Sunday, April 27, 2008

Our Journey to Expelled and the Journey Back Again

I don't know how many of you have heard of the new documentary Expelled: No Intelligence Allowed. It's hosted by Ben Stein as he interviews several scientists, all renowned in their fields, who have lost their jobs or have been "disciplined" in the last few years for giving Intelligent Design some sort of credibility. It reveals the stigma in the scientific world that I.D. carries and how asking questions about it has become completely taboo. You are immediately branded as a radical fundamentalist with an agenda for even thinking that there might be flaws in Darwin's The Origin of Species. Anyway, it's so controversial that Dr. Richard Dawkins (the author who wrote The God Delusion) showed up at a showing at the Mall of America to disrupt the film! I strongly recommend that everyone see it. It poses very interesting questions about what we can and can't question in the scientific world. Watch the trailer here:

Well, Jon and I had passes to see the movie so we got my sister to babysit and we took off. We left rather early because 35W was closed that weekend and we didn't know how long the detour would take us.
"It feels like the car is pulling to the right," Jon commented.
"It's really windy out today," I replied.
Sure enough, flags and tree branches were flapping and swaying in the gusts from the south. We were talking and gabbing along when Jon started to lower his head down as if he was listening to my knees.
"Do you hear that?"
"You mean that wobbly sound?"
We tried to argue that it might be the bearings coming loose again when it started getting louder.
"I don't like this. I'm exiting." With that, Jon exited onto some random residential road in Golden Valley. When we found a place to pull onto a side road, he jumped out of the car to take a look at the tire. Grimly he nodded to me in the passenger seat. "It's a flat." And like any studly rockstar superman, he jacked up the car and changed the tire effortlessly in the bitter wind and even took the time to explain to me how to do it (since, sadly, I had no freaking clue). Then as he lowered the jack with the "donut" in place we discovered another problem. The donut was flat. After some discussion, we decided to find a gas station to pump it up enough to at least drive home (who knows if we'll make it to the movie now?). We drove along and along and along, and it was all residential with no signs of a gas station. "I need to stop the car," Jon decided. Pulling over we dug out the twin cities map to see where we might find a more commercial district. What we discovered was that we were on the edge of Golden Valley and North Minneapolis (not a place you want to be stranded with a vehicle if you know what I mean...).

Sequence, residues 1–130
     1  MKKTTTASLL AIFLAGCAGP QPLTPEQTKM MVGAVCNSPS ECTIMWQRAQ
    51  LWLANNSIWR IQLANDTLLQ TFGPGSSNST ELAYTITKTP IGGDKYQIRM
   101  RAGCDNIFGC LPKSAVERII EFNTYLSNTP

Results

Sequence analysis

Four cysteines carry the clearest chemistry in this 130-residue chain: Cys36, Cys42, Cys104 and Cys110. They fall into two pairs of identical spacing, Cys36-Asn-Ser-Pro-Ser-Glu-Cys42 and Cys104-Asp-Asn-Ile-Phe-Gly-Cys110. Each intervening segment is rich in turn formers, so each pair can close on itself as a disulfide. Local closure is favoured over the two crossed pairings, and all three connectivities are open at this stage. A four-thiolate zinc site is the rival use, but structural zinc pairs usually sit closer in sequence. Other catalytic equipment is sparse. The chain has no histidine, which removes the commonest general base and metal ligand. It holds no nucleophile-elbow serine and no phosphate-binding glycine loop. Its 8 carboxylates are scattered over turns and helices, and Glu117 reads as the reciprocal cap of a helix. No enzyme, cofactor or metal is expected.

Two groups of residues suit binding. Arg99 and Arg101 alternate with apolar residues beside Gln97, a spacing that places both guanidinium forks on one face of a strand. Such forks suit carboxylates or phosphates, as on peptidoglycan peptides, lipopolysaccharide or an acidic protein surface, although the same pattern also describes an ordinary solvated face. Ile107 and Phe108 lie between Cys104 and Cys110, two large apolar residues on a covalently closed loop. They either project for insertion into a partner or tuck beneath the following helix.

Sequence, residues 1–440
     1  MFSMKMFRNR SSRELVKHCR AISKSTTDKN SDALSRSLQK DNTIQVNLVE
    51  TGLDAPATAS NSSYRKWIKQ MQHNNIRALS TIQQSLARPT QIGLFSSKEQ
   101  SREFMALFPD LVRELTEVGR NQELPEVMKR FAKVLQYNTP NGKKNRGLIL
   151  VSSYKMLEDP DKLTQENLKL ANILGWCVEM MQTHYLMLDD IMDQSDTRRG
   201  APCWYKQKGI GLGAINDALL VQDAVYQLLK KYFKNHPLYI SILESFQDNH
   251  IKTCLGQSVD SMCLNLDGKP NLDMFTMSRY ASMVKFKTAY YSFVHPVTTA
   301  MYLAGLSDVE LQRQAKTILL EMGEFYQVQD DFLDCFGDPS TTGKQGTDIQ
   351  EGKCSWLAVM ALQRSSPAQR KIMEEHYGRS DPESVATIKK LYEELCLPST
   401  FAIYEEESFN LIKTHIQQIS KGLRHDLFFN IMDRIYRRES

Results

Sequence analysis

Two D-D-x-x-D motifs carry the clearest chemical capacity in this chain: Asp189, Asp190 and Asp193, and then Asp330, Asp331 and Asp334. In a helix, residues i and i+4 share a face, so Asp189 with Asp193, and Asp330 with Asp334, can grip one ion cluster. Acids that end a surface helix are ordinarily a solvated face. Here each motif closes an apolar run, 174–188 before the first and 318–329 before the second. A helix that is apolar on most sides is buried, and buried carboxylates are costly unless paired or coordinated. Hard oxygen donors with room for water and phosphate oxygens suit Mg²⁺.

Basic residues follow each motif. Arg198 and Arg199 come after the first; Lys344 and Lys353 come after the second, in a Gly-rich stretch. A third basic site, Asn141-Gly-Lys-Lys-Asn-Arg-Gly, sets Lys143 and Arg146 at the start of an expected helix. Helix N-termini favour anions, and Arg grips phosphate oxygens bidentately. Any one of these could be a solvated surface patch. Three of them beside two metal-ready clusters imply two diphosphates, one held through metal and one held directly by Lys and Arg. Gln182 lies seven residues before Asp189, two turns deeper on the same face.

"How bout if I go knock on that door and ask where the nearest gas station is?" I quipped.
"Ok," Jon ceded.
I walked a few houses down (why I didn't knock on the nearest door, only the Holy Spirit knows) and knocked on the door. The door opened and when I posed my question, the guy responded, "Hey, I have a mini-air compressor in my trunk. Why don't I just pump it up for you? You don't want to travel any further east to look for help," and with that he dug out a little box and hooked it up to our tire. He even invited us inside to wait out of the cold. 10 minutes later we were ready to roll!!! We couldn't believe it! He was so polite and helpful and generous. We turned around and looked at the clock; we still had time to make it to the movie! And we arrived just as the last preview was ending!

The movie itself didn't surprise me. I knew this was going on and it doesn't seem like it will get any better. As the credits rolled all I could think of was being laughed at in the computer lab in high school as one of the science teachers asked what I was writing. When I responded "a research paper on Creationism" he and his student teacher laughed in my face and shook their heads. I remembered fighting through a particular class at Gustavus, nose-to-nose with the professor about how life began on this planet. (I feel like God won that one, seeing as how the professor asked that I pray for him at the end of the semester!) But since I am no longer on the academic scene, the war seems far from me. And what I do see just seems hopeless. It's like I see the darkness and I think to myself, it's just going to get darker, so why waste my time? I expressed these thoughts to my husband who gave me a quote from Thomas Paine: "It is an affront to treat falsehood with complacence." Whoa did that open my eyes! Just because something seems a lost cause or an uphill battle or a David vs. Goliath challenge doesn't mean we shrug our shoulders and say, "this isn't my fight." Our answer should be, because there is evil in the world and there is ground to be won (no matter how little) I will fight on. In the name of Jesus Christ I will fight on. And just because I'm not on the front lines anymore doesn't mean that I'm not still in the war. I'm raising new soldiers for the fight and supporting those who are going nose-to-nose with their professors and peers everyday. And maybe I'll get to see some of the action from time to time.

As we were leaving Jon remarked at how believed that the devil was trying to keep us from going to the movie. It was as if he was working against our every move. First with the road closing, then with the flat tire, then with the flat donut, then with no gas station in sight and heading into a bad neighborhood. He wanted us to give up. But God had different plans. His Spirit spoke to Jon to pull over at the right time, and His Spirit spoke to me to walk up to the house two doors down from where we parked where the guy with the air compressor lived.

So what have I learned? No matter how much mud the devil throws, God ALWAYS has the last word!!